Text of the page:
moisture into the area allowing precipitation to last into the
weekend, which is when the model solutions diverge. The 18.12Z GFS
sends the low northeastward into Canada, quickly moving the cold
front and additional precipitation through the area, while the
18.00Z ECMWF has the low farther south, keeping the area wet for a
bit longer. The 18.12Z ECMWF comes into better agreement with the
GFS regarding the placement of the low, but is still slower in
moving the cold front through. With the region receiving well above
normal precipitation over the last few weeks, a consistent heavy
rain signal like this from the models certainly makes flooding a
major concern.


.AVIATION...(For the 18Z TAFS through 18Z Monday afternoon)
Issued at 1231 PM CDT Sun Sep 18 2016

VFR conditions expected through the period. A push of warm and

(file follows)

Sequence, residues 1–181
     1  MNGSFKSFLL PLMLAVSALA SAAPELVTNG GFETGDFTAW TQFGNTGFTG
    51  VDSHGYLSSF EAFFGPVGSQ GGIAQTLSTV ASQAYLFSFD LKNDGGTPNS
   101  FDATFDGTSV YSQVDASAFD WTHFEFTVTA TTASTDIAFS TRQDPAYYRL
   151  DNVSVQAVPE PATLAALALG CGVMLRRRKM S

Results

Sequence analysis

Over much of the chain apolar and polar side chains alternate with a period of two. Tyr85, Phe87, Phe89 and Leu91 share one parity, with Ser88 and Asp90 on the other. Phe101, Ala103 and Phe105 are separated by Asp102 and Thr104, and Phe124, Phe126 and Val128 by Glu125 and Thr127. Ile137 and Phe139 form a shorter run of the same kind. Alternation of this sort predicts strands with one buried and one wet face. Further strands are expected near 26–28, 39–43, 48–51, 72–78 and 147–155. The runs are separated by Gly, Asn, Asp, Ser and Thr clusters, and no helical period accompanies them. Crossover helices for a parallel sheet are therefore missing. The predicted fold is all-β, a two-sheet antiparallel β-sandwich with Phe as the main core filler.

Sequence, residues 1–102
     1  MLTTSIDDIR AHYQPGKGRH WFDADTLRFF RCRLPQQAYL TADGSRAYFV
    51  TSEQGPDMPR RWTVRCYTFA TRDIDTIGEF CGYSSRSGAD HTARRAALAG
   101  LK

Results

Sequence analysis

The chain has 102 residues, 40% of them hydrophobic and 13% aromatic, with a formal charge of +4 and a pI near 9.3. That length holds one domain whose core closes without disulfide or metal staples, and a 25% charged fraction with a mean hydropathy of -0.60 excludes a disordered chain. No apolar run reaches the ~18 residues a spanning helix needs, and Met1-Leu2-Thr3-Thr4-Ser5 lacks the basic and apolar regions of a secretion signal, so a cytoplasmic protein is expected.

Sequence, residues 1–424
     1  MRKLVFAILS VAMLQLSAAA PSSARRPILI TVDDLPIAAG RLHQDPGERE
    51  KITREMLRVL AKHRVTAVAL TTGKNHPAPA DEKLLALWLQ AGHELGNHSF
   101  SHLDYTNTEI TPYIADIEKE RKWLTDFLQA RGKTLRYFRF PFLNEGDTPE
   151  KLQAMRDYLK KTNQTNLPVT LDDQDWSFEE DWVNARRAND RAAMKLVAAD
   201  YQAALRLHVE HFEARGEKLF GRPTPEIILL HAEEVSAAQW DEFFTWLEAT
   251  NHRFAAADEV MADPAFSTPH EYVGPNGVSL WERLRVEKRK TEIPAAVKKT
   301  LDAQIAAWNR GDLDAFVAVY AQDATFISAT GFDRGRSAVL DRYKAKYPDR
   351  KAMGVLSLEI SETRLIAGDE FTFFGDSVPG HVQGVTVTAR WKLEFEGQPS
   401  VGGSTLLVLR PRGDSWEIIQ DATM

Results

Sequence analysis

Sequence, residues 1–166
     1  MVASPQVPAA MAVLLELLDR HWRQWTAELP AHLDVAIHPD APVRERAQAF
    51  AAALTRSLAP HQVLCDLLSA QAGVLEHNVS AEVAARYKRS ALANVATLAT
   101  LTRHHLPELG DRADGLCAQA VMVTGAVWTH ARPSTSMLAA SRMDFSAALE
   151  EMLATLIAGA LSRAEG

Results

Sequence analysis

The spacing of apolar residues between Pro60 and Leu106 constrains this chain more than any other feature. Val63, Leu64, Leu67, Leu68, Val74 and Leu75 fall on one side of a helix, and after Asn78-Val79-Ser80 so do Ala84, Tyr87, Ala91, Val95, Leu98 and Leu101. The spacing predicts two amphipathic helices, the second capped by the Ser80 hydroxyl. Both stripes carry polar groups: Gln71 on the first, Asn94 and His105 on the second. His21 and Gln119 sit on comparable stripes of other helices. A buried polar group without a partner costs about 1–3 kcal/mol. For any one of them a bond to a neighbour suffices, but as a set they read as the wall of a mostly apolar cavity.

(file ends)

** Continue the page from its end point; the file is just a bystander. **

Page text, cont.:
moist air into the area will kick off some altocumulus overnight
along with a few shra/tsra. The bulk of this shra/ts activity is
expected to stay north/east of the KRST/KLSE taf sites. For this
reason...left shra/ts mention out for now but will continue to
monitor. Otherwise...will likely see some LLWS this evening into
the early morning hours as stronger southwest winds around 40kt
set up above the nocturnal inversion.


.HYDROLOGY...Tuesday night into the weekend
Issued at 248 PM CDT Sun Sep 18 2016

Flooding possible this week. Periods of heavy rainfall are possible
starting Tuesday night persisting into Thursday.  Thunderstorms
could develop and repeat or train over locations starting late
Tuesday night and persisting into Thursday. With soils nearly
saturated at many locations, flash flooding is possible. In
addition flooding may develop on area rivers and this flooding
could persist through late week into the weekend. Flood watches
may be issued once confidence increases on where the heaviest rain
will be. Also, more heavy rain is possible later in the week going
into the weekend, making any flooding issues worse. Monitor
forecasts closely over the next few days.